Saturday, 3 September 2016

Dracula (The Horror of Dracula) (1958)

Man, there are a lot of vampire movies around! It seems to be an inexhaustible theme, at least for producers. For me I have a long time ago found my saturation point. The List also has its share of bloodsucking vampire movies. Including today’s movie I count four so far, where three of them are telling the same story. At least Dreyer’s movie had an entirely different angle.

For this reason I am going into this movie on a weary note. How many times do you need to watch this story?

This time round it is the British Hammer studio who are taking a crack at the story. Until recently I knew nothing of this studio, but thanks to Bea at “Flickers in Time” I am now if not familiar then at least aware of their movies and their penchant for the macabre.

The story itself hardly needs a summary. Jonathan Harker (John Van Eyssen) arrives at Castle Dracula as a librarian, but with the secret objective to get rid of the count. Before he gets this far he is turned into a vampire himself. Alarmed by Harker’s reports Dr. van Helsing (Peter Cushing) rushes to Castle Dracula, too late to save his friend and to stop Dracula (Christopher Lee) from leaving.

Dracula has set his eyes of Harker’s fiancée, Lucy Holmwood (Carol Marsh) and soon she is also turning into a vampire. Lucy’s brother Arthur (Michael Gough) is pretty upset about Harker’s death and blames van Helsing, but with Lucy’s illness and (un)death he is reluctantly coming around. Dracula really seems to have a grudge on him for his next victim is Arthur wife, Mina (Melissa Stribling).

Although van Helsing always seems to be two steps behind the count he is a professional vampire killer who knows all the tricks. Will he eventually catch up with his prey?

Because it is a retelling it is impossible not to compare the 1958 version with Murnau’s and Browning’s versions. There is no doubt that the Hammer version (directed by Terence Fisher) is technically more eloquent than the two former versions. Anything else would be strange given the intervening years. This especially counts for the special effects that now mostly works as opposed to the helpless effects Browning relied on. The 58 version also keeps a very nice pace with a story that actually moves and provides a reasonable amount of suspense.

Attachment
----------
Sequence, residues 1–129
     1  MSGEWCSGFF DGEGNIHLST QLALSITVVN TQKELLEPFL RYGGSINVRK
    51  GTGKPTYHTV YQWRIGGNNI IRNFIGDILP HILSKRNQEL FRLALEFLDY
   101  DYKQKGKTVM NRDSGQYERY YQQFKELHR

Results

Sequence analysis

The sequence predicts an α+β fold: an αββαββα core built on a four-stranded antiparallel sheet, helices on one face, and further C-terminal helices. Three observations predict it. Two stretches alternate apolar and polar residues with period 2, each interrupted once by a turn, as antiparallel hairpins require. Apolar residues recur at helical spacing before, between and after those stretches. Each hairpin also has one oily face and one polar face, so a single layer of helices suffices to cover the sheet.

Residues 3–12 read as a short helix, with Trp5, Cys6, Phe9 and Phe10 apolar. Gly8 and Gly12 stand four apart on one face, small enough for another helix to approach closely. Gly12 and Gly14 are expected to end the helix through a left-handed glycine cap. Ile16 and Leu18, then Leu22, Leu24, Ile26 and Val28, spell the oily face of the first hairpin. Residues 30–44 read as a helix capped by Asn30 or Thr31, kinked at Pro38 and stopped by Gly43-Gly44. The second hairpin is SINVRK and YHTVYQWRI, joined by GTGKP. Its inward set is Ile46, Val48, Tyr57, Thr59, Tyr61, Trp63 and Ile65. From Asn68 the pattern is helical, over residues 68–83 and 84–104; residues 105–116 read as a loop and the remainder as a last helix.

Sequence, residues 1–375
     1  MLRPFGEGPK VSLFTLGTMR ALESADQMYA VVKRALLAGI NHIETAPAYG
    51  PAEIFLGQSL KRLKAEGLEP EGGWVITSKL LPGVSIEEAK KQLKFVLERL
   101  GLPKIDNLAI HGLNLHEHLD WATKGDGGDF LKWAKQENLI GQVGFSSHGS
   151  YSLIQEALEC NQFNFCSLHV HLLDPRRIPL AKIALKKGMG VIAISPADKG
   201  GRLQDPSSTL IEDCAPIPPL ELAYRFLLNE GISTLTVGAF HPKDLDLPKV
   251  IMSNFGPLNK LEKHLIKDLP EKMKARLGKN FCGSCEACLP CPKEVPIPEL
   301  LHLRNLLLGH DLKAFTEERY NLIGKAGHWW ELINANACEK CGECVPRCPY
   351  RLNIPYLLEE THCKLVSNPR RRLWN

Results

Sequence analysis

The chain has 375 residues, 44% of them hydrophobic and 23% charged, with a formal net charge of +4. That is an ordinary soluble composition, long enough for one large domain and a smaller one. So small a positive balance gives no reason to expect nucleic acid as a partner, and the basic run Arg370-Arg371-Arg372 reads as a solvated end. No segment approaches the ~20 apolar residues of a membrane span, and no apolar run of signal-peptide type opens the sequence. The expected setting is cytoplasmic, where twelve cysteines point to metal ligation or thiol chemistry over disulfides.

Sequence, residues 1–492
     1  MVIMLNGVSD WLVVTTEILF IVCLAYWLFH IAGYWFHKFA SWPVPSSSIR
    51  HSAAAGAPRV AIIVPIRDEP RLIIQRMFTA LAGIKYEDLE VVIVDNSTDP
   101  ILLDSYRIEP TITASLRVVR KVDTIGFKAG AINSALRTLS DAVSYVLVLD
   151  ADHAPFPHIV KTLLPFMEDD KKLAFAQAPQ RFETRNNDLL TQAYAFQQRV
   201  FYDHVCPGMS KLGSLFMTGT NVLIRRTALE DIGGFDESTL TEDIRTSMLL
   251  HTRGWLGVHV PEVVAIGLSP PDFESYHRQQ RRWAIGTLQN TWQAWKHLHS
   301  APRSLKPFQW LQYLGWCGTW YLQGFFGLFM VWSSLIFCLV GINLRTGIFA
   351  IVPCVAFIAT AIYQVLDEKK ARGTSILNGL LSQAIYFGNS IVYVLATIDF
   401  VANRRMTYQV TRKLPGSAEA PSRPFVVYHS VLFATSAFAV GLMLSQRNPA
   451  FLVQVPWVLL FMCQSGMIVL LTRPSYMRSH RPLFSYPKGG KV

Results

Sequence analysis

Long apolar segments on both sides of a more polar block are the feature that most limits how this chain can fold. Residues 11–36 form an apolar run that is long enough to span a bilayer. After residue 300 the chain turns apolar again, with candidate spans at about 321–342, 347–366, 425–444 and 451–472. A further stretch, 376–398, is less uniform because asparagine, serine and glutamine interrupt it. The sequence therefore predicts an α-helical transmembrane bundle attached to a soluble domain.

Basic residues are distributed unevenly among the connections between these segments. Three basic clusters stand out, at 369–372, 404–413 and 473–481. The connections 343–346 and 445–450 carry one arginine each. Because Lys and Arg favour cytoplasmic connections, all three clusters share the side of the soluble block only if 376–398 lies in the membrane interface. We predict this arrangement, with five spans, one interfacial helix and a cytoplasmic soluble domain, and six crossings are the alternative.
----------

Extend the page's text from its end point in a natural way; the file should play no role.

But a number of things are not working so well here. Dracula for one. I had so much been looking forward to see Christopher Lee give it as the count. Come on, this is Saruman, one of the vilest and most crazy characters in cinema. But 58 is a long time ago and Lee in his youth did not possess that venom that later made him such an excellent villain. Bela Lugosi had more of that exotic charm and suave that makes Dracula dangerous AND sexy and Max Schreck was an infinitely more menacing actor. It is not that Lee is outright bad, he is just trying to wear some very big shoes.

Another element that annoyed me tremendously was that although this was clearly presented as a very gothic story taking place in Germany, each and every character, even the innkeeper in the unnamed eastern European country Dracula lives in, are very, very British. Accent, attitude, mentality, everything exudes Victorian Britain and that crashes completely with the setting. Van Helsing sounds, acts and looks more like Sherlock Holmes than a German or Dutch vampire hunter.

What this movie ultimately suffers from however is that it feels generic. It lacks something to make it stand out and it feels like a good, but alas a run of the mill rendition of the Dracula tale and in that sea of Dracula movies that is available that is just not good enough. I am not a fan of Browning’s Dracula, but at least it had Lugosi. Murnau’s version however was uniquely creepy and is still for me the one I would watch again.

Am I the only one who found Michael Gough’s Athur Holmwood totally annoying? If he was supposed to be he did a marvelous job.


  1. I'm going to disagree with you here pretty much across the board. I think Lee makes a great Dracula. This is a guy who doesn't really say anything in the second half of the film, but he casts a massive shadow over everything that happens. In many ways, I think he embodies the original idea of the sexy vampire--he's not exotic, but he's still magnetic.

    1. Yeah, I read your review and can see you take a very different position on this movie. Maybe I am just getting tired of vampire stories or maybe I expected more. The thing is this is not a bad movie, I am just lacking that thing to make it stand out.

  2. Thanks for the plug! I might go for this one over the Browning Dracula which I'm not as big a fan of as most. (I liked your reference to the helpless special effects. I love those aardvarks or whatever they used instead of rats in the crypt!) My vote would go to Murnau though, with Herzog not far behind.

    1. I want Dracula to be sinister. I want people to be essentially helpless around him and I want something unknown, half-hidden. Murnau's version is all that. In Horror of Dracula Dr. van Helsing is too acomplished and we know it is just a matter of time before he catches up. A gruesome side of me would have prefered a resolution where Dracula unleashes an epidemic of vampyrism in the town so although he might fall the town is doomed.

  3. I agree the 1958 film doesn't stand out, I found it a bit tame. Coppola's 1992 effort is my favorie adaptation of Dracula. John Van Eyssen was a better casting choice as Jonathan Harker than Keanu Reeves. But I prefer Gary Oldman’s Count Dracula over Christopher Lee’s.

    1. Gary Oldman is usually a perfect villain. Christopher Lee I prefer in his later incarnations. I am not sure I have seen the 92 edition, vampire movies usually have little appeal for me.